Post was born in Van Zandt County, Texas and first became fascinated in aviation at the age of 14 when he saw his first airplane at a county fair. With the outbreak of WWI, Post enlisted in the US Army Air Service, but the war ended before he could finish his training, and he returned to work in the oilfields of Oklahoma. At the age of 26, Post finally made it into the air, not as a pilot, but as a daredevil parachutist for a traveling flying circus. When Post lost his left eye in an oilfield accident, he used the money from the accident settlement to purchase his first airplane, and he became the personal pilot of a wealthy Oklahoma oilman who purchased a Lockheed Vega and named it Winnie Mae after his daughter. This began a lifelong association of the Vega and and Post, and he put his first mark in the record books with a victory in the National Air Race Derby from Los Angeles to Chicago, completing the flight in just over nine hours. But still greater fame lay ahead.

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Wiley Post and Harold Gatty photographed at Berlin-Tempelhof Airport before continuing on to Moscow on their round-the-world flight (Deutsches Bundesarchiv)

On June 23, 1931, still piloting Winnie Mae, Post and his co-pilot Harold Gatty set out from Roosevelt Field in New York for a flight around the world. Their route took them to the Canadian Maritimes, then over the British Isles and Europe, across Russia, then on to Alaska and across Canada before landing back in New York. The flight covered 15,474 miles and took Post and Gatty just 8 days, 15 hours, and 51 minutes, slashing more than 12 days off the previous record set by the Graf Zeppelin (LZ 127) in 1929. The pair returned to a ticker-tape parade and lunch at the White House with President Herbert Hoover. But records in the Golden Age rarely stood for long, and Post broke his own circumnavigation record three years later, this time flying solo. After three years spent upgrading the Winnie Mae with an autopilot and radio direction finder, Post took off from Floyd Bennett Field in New York on July 15, 1933 and flew roughly the same route as before. When he landed back at Bennet, Post had broken the record he set with Gatty and finished the flight just 7 days, 18 hours, 49 minutes. In an era where feats of aviation still garnered the attention of the world, a crowd of 50,000 thronged the airfield on his return.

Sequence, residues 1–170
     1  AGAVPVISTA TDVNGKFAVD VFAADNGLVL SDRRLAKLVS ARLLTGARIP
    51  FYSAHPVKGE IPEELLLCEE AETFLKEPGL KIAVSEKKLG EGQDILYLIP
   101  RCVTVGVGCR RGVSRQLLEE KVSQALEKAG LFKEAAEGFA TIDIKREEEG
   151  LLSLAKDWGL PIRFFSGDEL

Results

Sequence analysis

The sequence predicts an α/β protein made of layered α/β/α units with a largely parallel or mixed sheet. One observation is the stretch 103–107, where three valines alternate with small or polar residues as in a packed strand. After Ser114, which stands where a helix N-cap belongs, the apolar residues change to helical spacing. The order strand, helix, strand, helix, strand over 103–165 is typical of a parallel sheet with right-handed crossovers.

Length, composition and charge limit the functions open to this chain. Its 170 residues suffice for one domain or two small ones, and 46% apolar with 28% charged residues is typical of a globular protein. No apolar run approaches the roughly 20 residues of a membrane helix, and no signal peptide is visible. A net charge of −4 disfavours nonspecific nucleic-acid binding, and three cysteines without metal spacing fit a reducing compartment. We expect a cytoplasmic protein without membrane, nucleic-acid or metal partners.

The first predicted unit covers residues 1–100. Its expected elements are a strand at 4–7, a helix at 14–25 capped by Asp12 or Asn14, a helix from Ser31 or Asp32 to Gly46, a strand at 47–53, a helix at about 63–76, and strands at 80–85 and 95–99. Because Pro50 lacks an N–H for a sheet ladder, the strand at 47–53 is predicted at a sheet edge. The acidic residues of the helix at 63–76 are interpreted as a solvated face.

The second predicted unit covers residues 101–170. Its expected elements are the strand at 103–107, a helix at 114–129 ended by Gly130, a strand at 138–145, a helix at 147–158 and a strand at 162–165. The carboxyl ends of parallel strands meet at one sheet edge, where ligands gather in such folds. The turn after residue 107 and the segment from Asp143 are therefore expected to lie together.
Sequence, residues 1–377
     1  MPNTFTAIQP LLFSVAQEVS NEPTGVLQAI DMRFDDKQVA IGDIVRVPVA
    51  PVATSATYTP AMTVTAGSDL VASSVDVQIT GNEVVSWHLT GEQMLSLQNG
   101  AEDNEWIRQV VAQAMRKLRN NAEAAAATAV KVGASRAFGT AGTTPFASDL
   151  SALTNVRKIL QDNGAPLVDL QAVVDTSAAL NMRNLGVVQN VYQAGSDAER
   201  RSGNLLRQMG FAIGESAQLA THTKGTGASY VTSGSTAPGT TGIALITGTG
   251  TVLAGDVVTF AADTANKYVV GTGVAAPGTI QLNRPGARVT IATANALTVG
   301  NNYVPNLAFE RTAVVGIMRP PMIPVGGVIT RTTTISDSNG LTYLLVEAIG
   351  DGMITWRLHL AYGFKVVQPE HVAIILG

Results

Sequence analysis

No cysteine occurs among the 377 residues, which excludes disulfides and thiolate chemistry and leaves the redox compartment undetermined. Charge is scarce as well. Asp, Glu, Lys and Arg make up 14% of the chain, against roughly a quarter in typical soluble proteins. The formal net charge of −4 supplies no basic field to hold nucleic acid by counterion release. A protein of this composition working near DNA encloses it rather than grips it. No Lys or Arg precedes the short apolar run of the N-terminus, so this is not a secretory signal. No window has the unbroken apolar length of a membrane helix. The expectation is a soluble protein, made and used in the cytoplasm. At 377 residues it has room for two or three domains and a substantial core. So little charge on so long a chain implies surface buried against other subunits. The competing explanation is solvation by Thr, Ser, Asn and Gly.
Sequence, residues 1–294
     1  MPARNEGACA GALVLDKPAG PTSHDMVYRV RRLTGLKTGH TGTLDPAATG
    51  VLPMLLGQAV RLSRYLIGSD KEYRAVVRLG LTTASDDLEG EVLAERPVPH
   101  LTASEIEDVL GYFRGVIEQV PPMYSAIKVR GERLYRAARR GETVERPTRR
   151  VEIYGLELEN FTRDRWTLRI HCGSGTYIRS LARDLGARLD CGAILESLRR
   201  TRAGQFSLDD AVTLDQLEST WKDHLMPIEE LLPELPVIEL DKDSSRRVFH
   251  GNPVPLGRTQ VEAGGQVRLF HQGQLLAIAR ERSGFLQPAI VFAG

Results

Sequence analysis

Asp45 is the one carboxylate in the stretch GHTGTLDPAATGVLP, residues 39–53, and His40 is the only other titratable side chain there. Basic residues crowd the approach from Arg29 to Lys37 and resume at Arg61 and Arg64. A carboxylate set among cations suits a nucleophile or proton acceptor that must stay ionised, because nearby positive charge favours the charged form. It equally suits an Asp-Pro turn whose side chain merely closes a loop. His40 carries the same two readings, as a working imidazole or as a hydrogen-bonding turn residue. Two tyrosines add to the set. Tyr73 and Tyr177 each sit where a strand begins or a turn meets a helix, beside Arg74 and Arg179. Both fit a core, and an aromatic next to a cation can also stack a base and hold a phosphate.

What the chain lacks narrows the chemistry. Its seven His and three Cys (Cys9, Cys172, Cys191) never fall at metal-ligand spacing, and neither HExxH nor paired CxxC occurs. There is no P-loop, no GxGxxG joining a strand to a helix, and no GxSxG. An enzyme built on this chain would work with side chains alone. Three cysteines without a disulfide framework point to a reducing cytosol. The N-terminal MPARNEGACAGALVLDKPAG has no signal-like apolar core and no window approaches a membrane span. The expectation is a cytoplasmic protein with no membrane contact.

Post dons his homemade pressure suit prior to one of his high-altitude flights. (Smithsonian)

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But Post was not just a record breaker. Building on the success of his round-the-world flights, he began to investigate long-distance flight at what was considered an extreme altitude for the day. With backing from the Philips Petroleum Company and the B.F. Goodrich Company, Post developed a pressure suit that allowed him to fly in the frigid and thin air at 50,000 feet. In the process, Post also discovered the jet stream, a high-altitude, high-speed current of air that today helps speed jet airliners on routes across the country.

Will Rogers and Wiley Post photographed a short time before their fatal crash (Author unknown)

For such a giant of the Golden Age of flight, it would seem fitting somehow for Post to die in a blaze of glory, trying to break yet another record. However, his death on August 15, 1935 was anything but glorious. Since the early days of Post’s flying career, he had been close friends with American author and humorist Will Rogers, and they often traveled together, with Post flying while Rogers worked at his typewriter. During a flight from Fairbanks to Point Barrow, Alaska in an experimental aircraft cobbled together from parts scavenged from a Lockheed Explorer and Lockheed Orion, Post became lost and and landed to ask for directions. Taking off again, the aircraft suffered engine failure and crashed into Walapka Lagoon, killing both men. Post was just 36 years old. During his lifetime, Post was awarded the Distinguished Flying Cross in 1932, the Harmon Trophy in 1934, and was posthumously inducted into the National Aviation Hall of Fame in 1969. The Winnie Mae is on display at the Smithsonian Air & Space Museum in Washington, DC.

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Short Takeoff


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November 21, 1952 – The first flight of the Percival Pembroke, a twin-engine, light transport aircraft that was developed from the earlier Percival Prince. Introduced in 1953, the Pembroke replaced the Avro Anson with the RAF for transport duties, where it was known as the Percival C.1, and it followed standard RAF practice of having the passenger seats face rearward for safety. In addition to its transport duties, the Percival served as a reconnaissance aircraft with both the RAF and the Finnish Air Force, and production ended in 1958 after 128 aircraft were built. The Percival served the RAF until 1988.


(Author unknown)